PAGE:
NASA Conducts Shuttle Astronaut Rescue Drill

NASA Conducts Shuttle Astronaut Rescue Drill
A rescue team member and astronaut-suited worker practice landing a slidewire basket during a simulated emergency egress scenario from Launch Pad 39A. The four-hour exercise simulated normal launch countdown operations, with the added challenge of a fictitious event causing an evacuation of the vehicle and launch pad. (Image credit: NASA/KSC.)

Rescuers riding in armored personnel carriers raced to Launch Pad 39A, rushed up stairs to the 195-foot level of the tower and found four workers and two astronauts who appeared to be injured or incapacitated.

Amid a deluge of water from the pad's fire control system, the squad cleared the 36-story gantry of all personnel in a mere 14 minutes.

It was only a training exercise.

But fires, fuel leaks and even explosions always are a possibility during volatile shuttle launch operations.

NASA officials said the disaster drill was crucial to keeping teams sharp during the ongoing effort to return shuttles to flight in the wake of the February 2003 Columbia accident.

"It's just critical that everyone involved here knows their jobs and knows what to do at a moment's notice if something were to happen," said NASA astronaut Alan Poindexter.

Chances of such an emergency are remote. "But if something were to happen, we want to everybody to get off the pad as quickly and as safely as possible," he said.

Like a Hollywood action film, the four-hour drill was scripted down to the minute. Here's how the scenario unfolded:

Seven workers acting as astronauts were pretending to board a shuttle as engineers in a firing room three miles away conducted a simulated shuttle launch countdown.

Seven members of a real NASA "close-out crew" -- the people who help astronauts strap into an orbiter on launch day - also were on the 195-foot level of the pad, the area where flight crews climb aboard shuttles. A simulated leak of toxic rocket fuel triggered the pad's fire extinguisher system at 1:37 p.m. EST, showering the seaside structure with hundreds of thousands of gallons of water.

Stationed at a staging area more than a mile away, 11 firefighters and rescue workers then scrambled to the pad. Three others came from a bunker west of the tower.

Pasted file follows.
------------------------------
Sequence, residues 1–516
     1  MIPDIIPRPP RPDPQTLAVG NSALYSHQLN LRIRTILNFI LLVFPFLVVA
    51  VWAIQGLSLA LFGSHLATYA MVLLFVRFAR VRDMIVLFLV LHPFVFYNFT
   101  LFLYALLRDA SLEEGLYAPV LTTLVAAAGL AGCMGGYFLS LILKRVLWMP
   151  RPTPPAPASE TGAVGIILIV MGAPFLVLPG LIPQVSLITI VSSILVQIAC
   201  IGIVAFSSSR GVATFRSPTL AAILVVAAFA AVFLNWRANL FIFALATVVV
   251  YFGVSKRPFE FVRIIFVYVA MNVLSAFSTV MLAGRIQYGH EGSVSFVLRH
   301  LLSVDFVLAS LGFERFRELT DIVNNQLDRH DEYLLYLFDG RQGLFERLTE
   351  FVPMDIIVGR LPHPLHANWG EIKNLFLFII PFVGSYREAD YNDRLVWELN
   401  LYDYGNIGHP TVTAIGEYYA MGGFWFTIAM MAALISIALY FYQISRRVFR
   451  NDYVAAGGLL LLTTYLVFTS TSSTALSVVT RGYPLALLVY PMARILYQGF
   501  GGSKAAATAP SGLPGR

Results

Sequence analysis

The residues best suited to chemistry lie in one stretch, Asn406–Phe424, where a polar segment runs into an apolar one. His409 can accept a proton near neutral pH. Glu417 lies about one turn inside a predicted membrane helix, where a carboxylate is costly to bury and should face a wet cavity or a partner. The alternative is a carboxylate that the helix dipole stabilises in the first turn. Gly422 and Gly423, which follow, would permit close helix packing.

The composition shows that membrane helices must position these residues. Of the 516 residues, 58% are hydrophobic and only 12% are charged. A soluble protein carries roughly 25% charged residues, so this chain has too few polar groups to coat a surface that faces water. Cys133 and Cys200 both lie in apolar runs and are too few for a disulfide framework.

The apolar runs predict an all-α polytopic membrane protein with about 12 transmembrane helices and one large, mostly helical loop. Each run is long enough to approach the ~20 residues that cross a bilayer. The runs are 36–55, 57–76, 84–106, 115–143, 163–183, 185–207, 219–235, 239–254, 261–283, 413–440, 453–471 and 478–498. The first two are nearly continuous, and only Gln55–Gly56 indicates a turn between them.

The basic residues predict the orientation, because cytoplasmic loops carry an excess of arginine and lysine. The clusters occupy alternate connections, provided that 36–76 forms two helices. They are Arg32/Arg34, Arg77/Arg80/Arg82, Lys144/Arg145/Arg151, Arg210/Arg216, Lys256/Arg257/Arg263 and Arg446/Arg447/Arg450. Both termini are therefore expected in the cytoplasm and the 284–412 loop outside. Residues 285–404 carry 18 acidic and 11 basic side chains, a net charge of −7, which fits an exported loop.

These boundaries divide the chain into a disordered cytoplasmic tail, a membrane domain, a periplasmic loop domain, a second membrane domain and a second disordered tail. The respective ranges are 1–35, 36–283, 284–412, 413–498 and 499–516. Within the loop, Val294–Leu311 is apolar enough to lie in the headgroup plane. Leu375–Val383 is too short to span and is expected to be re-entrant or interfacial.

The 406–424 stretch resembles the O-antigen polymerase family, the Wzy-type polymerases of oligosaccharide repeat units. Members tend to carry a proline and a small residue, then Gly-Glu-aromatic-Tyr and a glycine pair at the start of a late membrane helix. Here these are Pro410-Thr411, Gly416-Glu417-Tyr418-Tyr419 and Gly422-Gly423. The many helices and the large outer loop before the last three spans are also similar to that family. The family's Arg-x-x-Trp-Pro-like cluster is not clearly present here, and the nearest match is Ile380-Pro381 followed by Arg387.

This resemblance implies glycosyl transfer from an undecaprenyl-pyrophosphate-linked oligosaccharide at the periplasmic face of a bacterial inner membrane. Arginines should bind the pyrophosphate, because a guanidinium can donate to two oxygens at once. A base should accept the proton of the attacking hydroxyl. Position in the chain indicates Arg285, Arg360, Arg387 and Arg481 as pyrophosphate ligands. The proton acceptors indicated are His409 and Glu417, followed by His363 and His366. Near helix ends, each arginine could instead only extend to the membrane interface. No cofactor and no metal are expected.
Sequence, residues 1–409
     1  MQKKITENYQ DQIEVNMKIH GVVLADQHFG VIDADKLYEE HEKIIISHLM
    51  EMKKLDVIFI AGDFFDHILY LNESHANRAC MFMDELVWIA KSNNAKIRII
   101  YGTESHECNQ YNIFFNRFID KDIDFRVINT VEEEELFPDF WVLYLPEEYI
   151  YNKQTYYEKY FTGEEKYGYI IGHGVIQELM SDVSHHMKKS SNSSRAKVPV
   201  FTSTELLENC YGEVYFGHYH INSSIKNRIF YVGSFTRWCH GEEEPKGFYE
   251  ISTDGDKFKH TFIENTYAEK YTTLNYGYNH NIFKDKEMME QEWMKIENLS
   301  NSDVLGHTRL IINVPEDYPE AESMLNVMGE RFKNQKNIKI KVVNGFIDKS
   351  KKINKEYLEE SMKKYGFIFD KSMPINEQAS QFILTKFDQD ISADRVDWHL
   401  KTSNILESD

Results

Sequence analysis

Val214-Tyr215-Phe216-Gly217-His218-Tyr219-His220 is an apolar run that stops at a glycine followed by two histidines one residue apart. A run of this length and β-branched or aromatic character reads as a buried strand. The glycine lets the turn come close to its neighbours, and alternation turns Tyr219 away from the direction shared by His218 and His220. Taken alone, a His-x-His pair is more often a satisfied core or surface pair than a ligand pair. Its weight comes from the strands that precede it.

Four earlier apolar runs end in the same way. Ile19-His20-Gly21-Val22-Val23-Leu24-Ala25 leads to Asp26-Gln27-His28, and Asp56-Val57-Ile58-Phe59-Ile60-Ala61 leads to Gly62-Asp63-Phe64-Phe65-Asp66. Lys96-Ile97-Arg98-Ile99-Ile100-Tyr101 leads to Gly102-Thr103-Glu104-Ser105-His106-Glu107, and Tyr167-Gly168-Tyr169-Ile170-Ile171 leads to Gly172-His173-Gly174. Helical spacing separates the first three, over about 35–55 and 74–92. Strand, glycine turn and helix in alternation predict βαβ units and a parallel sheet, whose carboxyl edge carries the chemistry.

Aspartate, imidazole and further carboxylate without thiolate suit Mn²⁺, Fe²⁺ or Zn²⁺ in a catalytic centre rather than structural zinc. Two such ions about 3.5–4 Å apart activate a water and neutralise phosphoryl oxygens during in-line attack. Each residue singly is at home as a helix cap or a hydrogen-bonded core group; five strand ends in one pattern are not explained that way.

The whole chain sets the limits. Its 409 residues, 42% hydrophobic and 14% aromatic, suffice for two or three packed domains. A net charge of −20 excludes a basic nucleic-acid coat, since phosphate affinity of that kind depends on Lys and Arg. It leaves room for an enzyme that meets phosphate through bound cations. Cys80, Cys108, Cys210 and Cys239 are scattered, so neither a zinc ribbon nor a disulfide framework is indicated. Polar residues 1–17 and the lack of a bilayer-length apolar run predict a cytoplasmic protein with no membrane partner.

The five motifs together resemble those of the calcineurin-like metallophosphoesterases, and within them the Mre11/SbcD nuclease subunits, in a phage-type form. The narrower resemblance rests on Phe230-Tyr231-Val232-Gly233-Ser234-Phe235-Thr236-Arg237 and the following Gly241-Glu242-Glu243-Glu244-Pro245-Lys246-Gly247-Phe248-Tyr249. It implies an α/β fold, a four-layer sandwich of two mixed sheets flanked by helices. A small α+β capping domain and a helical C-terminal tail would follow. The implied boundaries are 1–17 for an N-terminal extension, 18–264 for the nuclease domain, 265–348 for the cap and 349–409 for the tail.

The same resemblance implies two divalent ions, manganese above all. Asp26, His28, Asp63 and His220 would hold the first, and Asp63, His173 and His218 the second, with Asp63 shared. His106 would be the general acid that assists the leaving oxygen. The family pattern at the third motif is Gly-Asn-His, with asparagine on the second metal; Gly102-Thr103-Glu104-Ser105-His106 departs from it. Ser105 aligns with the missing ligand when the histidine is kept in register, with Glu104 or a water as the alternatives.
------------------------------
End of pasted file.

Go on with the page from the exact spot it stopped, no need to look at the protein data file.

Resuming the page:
The 14 rescuers combined forces to help six people feigning injuries into launch tower escape baskets.

NASA's twin shuttle launch pads each are equipped with a so-called slidewire basket system. Located on the 195-foot-level of either tower, the systems each consist of seven baskets, each of which is capable of carrying four people off the tower.

In a real emergency, the baskets would zip down a 1,200-foot slidewire to the bunker area near the perimeter of the launch complex. Top speed: 55 mph.

Arresting nets and drag chains would bring the baskets to a stop in the bunker area.

No one rode down the slidewires during the drill. NASA safety officials deemed that an unnecessary risk.

But the rescuers did practice hauling those acting as if they were injured or incapacitated into the baskets on the launch tower and then out of another set at the bunker area.

They used dolly-like carts and flexible backboards to carry the "injured" or "unconscious" first to an underground bunker and then into three armored personnel carriers.

The tank-like vehicles sped off to a triage area at a nearby heliport. Four workers were flown to three hospitals in Brevard, Orange and Volusia counties to cap the simulation.

Poindexter said the exercise enabled engineers, technicians and rescue personnel to practice emergency procedures in a realistic environment.

NASA launch controllers talked with the pad workers and the would-be astronauts over radio communications loops just as if there were a real emergency.

The rescue workers operated the armored personnel carriers. They dashed up stairs to the 195-foot level of the tower wearing bulky protective gear and 60-pound life support backpacks.

And they practiced hauling injured people through a blinding haze of water spray from the pad's fire control system.

"It's very noisy. It's hard to see through the water spray, and it's difficult to get people expeditiously out of the vehicle in a safe manner," Poindexter said.

Added NASA astronaut Jerry Ross: "It's just another aspect of what we have to do to get ready to go fly again."

Published under license from FLORIDA TODAY. Copyright ? 2004 FLORIDA TODAY. No portion of this material may be reproduced in any way without the written consent of FLORIDA TODAY.

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Aerospace Journalist

Todd Halvoron is a veteran aerospace journalist based in Titusville, Florida who covered NASA and the U.S. space program for 27 years with Florida Today. His coverage for Florida Today also appeared in USA Today, and 80 other newspapers across the United States. Todd earned a bachelor's degree in English literature, journalism and fiction from the University of Cincinnati and also served as Florida Today's Kennedy Space Center Bureau Chief during his tenure at Florida Today. Halvorson has been an independent aerospace journalist since 2013.